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Notes from Lapta, Cyprus – CTA, R.I.P by Ken Dunn

It was the best of times, it was the worst of times…. but time’s up for CTA and what’s happening about the launch of the much trumpeted ‘new’ airline? No one seems to know. With the demise of CTA last year we were two of thousands who were stranded in the TRNC without a flight back to the UK. Atlas Jet came to the rescue but that wasn’t all plain sailing. With a first come, first served situation I had to wade through an enormous crowd at Ercan Airport, elbows sharpened and flexing in every direction, to battle through to the check in desk to stake our claim for a seat on the plane.

This was far worse than the earlier ‘ash cloud’ debacle but after that happened we didn’t mind having to ‘endure’ an extra week of being in the TRNC. Oh, dear. What a chore that was! Fortunately, we had our house in Lapta so it didn’t really cost us a great deal, unlike many tourists who had to pay for unexpected hotel bills and living costs until they were able to return. Since then, as with many other folk, we’ve had to think again about who to fly with. With CTA gone, prices on other airlines, Turkish Airlines, Pegasus and the rest shot up alarmingly. Some quotes offered flights, one way only, for well over £400! Naughty, very naughty!

So, what to do? Grudgingly, we booked with Easyjet last time from Gatwick to Larnaca but that had to be done carefully to ensure they didn’t charge us for breathing! We could have flown with them from Bristol, as that’s only twenty miles from us, but who wants to go to Paphos only and then catch a taxi all the way to Lapta? Fortunately, a couple of good friends of ours live minutes from Gatwick so we were able to drive to them, stay overnight, leave the car and the following morning were transported to the airport and off we flew.

That was fine. We arrived on time, were picked up by other friends of ours and were in Lapta well before midnight. But here’s a tip about Easyjet before boarding. It can be a bit of a scrum getting onto the plane. No seat bookings unless you pay through the nose, but, if you queue on the right, not the left, in front of the desk at the final check in point you’ll be asked in first! Well, that’s after the few idiots who have pre-booked and paid £15 or so for their ‘easy boarding’ status.

Anyway, in reflective mode, remembering all the shoving and pushing of the previous year, the demise of CTA and the mayhem at Ercan, attempting to take advantage of the rescue by Atlas Jet, it reminded me of the old days of CTA. Now that was a real challenge from Heathrow but much more so on the return journey from Ercan.

Before the early 90’s CTA did not allocate seats at the check in desks in the way most airlines do now. Oh, no. Once through check in, security and into the departure lounge you had to be fully alert as to when the flight might be called and which departure gate to go to. Once it flashed up the screens it was a case of ‘GO!!’ to scuttle along those endless corridors and find a seat as close as possible to the final check in point. When the gate eventually opened to the aircraft all hell would break loose!

Civilised people returned to their basic instincts, pushing and elbowing anyone from their path, running down the connecting corridor to the plane, jamming the entrance and fighting each other to find a prime seat, either at the front of the cabin, for a quick departure when we arrived, or the seats next to the emergency exits which always had much more room than the rest.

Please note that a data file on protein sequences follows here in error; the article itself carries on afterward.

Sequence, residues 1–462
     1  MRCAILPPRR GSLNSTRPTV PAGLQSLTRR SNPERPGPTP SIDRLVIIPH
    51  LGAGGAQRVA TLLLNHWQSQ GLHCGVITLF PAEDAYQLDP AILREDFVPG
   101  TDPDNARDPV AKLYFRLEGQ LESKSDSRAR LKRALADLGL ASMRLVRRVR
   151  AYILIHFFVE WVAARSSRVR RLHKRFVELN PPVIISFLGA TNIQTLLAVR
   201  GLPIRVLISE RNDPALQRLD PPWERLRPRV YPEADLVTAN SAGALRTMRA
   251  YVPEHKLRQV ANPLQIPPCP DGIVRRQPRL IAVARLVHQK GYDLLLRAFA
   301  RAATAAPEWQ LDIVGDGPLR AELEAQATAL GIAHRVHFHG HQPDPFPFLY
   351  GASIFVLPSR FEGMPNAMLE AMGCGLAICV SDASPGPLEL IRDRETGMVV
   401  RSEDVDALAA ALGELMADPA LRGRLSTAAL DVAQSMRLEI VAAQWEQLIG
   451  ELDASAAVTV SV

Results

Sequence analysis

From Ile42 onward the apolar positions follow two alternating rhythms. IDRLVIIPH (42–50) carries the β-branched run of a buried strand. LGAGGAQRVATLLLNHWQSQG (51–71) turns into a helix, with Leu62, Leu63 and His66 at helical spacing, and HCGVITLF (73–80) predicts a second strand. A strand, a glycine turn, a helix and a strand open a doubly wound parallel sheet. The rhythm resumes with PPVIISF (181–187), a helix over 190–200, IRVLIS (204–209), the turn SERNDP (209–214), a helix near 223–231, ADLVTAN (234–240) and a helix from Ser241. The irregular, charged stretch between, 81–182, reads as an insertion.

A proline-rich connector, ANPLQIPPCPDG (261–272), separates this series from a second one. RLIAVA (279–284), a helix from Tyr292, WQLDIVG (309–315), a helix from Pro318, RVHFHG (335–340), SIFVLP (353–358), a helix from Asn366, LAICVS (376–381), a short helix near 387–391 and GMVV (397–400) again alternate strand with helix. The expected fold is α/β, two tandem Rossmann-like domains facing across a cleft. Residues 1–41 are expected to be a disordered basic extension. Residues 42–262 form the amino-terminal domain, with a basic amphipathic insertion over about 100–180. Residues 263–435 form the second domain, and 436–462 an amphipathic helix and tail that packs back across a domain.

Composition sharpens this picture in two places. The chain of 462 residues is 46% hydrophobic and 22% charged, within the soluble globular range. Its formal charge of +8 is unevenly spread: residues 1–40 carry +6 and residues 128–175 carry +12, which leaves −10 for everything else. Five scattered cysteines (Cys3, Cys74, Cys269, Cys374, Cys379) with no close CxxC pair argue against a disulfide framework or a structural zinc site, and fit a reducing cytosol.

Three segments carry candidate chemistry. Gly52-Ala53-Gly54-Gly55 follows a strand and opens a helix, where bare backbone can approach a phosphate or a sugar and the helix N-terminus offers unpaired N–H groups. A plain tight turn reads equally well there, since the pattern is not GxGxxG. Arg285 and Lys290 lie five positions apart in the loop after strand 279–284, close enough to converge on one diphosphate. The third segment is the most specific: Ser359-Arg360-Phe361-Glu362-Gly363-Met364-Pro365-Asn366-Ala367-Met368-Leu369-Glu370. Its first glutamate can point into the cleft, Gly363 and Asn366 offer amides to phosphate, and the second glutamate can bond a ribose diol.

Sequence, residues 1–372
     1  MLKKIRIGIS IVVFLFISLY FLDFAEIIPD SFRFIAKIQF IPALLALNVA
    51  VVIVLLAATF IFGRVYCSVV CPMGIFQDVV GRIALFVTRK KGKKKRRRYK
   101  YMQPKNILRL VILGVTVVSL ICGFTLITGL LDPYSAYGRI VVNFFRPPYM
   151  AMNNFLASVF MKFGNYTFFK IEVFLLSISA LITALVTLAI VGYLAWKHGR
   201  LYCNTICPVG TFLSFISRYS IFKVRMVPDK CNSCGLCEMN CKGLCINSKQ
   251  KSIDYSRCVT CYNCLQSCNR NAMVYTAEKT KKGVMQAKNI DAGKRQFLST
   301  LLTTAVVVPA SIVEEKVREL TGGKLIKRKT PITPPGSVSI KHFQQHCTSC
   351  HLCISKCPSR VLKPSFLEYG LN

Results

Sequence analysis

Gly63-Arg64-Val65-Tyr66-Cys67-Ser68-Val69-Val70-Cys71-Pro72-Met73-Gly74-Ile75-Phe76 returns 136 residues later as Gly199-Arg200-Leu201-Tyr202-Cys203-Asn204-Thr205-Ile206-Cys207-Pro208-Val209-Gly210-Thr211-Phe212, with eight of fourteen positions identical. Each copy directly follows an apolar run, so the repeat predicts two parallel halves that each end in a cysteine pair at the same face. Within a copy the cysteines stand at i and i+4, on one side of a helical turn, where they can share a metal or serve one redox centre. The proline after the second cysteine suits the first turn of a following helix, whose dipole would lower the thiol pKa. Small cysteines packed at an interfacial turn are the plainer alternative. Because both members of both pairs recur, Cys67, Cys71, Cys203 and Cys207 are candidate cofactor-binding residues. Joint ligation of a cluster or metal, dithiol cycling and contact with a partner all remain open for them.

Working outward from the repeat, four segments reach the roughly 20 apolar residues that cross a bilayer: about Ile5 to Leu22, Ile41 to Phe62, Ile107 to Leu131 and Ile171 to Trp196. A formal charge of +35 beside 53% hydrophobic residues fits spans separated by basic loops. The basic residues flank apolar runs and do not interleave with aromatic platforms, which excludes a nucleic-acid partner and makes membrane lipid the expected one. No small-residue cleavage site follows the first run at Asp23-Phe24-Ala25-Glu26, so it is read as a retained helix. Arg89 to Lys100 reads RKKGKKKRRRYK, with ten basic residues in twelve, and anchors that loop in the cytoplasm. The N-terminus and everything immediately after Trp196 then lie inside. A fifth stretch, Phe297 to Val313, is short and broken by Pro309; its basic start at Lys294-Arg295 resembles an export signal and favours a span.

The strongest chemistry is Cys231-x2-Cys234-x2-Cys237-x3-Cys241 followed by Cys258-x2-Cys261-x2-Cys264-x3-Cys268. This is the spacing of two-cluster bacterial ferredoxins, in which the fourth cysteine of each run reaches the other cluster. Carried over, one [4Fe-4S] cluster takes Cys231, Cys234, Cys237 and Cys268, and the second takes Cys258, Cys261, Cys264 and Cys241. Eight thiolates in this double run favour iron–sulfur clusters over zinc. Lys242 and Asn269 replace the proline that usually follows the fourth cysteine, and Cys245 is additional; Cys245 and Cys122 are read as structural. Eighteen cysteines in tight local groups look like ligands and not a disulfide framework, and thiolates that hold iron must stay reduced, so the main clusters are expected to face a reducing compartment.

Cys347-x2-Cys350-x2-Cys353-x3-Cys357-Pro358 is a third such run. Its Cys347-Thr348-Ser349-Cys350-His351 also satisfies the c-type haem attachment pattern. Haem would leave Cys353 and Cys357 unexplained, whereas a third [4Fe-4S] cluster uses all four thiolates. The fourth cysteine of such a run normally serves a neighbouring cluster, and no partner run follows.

The cabin staff were noticeably absent, taking refuge in the galley, cockpit or anywhere else, having had great experience of this madness over the years. They offered absolutely no help whatsoever as old and young fought, yes fought, with each other, up and down the central aisle over who was sitting where and who had arrived first!

The warfare usually took a good half hour before tempers simmered down and people sat, grudgingly in seats they had to accept, or grinning over the ones they had won. The cabin staff would then reappear, safe in the knowledge that the worst was over but with still a few problems to deal with. Huge bags were always sitting in the aisle, blocking any possibility of movement. The lockers above were usually open and overflowing with unidentifiable fabric and plastic bags wound up with that wide, brown sticky tape. I’ve seen a young Turkish gentleman sitting in an aisle seat, holding a full, cut glass chandelier by the top, a good two feet in diameter, content to hang on to it like that all the way to Cyprus. It took some time before the cabin staff, all four of them, persuaded him that it must go into the hold!

On one occasion, and I had never seen it before or since, the aircraft was completely full but three folk milled around in the aisle and couldn’t find a seat. Their tickets were checked at least twice by the cabin staff and they presumably proved to be perfectly valid as the cabin staff simply shrugged and walked off. Twenty minutes later the plane took off and these characters stood all the way! Strap hanging to Cyprus!!

The journey itself was usually without incident but passions could still be at a high level. The delivery of the statutory meal had its dangers in that several folk often objected strongly to whatever it was they had been given. Eventually we landed in Turkey for the hour or so it used to take. Some folk would disembark and then the ‘officials’ came on board to count us, then check all our passports, count us again then huddle together checking their collective information, one to another, before eventually leaving.